Source: The Indian Express

 Drafted last week, the agreement sets out a timeline for withdrawal of US troops from Afghanistan. It is not a peace deal, the onus for which lies with the Afghan government.

What are the challenges it faces?
The United States and Taliban have reached a deal for American troops to withdraw from Afghanistan. Last weekend, US Special Envoy Zalmay Khalilzad was in Kabul to present details of the deal to Afghanistan President Ashraf Ghani.

What have they agreed on?
Taliban and US government have reached an agreement “in principle” that the United States would withdraw some 5,000 troops within 135 days or five months starting from the signing of the agreement.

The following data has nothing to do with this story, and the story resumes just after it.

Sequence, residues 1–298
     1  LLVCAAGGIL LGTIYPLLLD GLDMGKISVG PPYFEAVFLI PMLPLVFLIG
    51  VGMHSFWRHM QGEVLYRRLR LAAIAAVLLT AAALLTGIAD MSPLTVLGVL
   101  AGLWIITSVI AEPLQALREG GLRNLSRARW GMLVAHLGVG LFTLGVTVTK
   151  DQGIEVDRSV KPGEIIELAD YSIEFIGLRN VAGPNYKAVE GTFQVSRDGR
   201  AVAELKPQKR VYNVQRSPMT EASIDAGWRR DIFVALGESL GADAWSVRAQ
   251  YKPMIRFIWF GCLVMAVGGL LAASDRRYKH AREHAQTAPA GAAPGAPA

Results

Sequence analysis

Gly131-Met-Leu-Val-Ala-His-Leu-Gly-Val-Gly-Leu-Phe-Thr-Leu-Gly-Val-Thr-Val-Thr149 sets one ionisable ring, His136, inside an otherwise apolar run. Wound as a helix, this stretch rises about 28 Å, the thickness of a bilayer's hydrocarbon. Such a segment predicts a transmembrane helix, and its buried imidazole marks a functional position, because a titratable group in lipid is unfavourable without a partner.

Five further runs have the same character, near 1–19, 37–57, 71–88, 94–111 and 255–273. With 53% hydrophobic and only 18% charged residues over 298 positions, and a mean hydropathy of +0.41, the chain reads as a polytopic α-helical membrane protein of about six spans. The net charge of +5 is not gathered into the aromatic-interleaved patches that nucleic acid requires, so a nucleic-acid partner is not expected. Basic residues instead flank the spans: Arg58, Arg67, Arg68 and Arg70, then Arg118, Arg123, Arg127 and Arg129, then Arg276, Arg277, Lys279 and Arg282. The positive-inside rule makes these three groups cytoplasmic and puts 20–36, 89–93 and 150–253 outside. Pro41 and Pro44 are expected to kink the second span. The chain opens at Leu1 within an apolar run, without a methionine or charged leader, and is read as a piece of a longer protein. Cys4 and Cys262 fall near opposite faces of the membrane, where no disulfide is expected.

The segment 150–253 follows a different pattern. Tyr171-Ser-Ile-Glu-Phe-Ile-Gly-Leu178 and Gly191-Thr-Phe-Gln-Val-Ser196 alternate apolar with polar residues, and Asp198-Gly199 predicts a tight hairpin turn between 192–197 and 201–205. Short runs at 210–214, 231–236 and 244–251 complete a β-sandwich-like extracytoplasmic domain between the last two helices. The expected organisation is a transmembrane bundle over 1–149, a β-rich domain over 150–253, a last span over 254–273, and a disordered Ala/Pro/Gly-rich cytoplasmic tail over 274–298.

The draft agreement, which was reached after nine rounds of talks between Khalilzad, US diplomat and the Taliban in Doha, Qatar, is for the US troops to withdraw from five bases in this period. There appears to be no timeline yet for the withdrawal of the remaining 14,000 troops but a period of 14 months has been mentioned in the past. Trump said at one time that some 8,000 troops would remain.

In return for the withdrawal agreed upon, the Taliban are said to have committed to not allow “enemies of the US” — namely Daesh/ISIS and Al Qaeda — to set up base in Afghanistan.

Is this expected to usher in peace?
Earlier, it was expected that the US would get the Taliban to agree to a ceasefire. But that is not on the cards. Instead, the only expectation now is for a “reduction in violence” in some areas.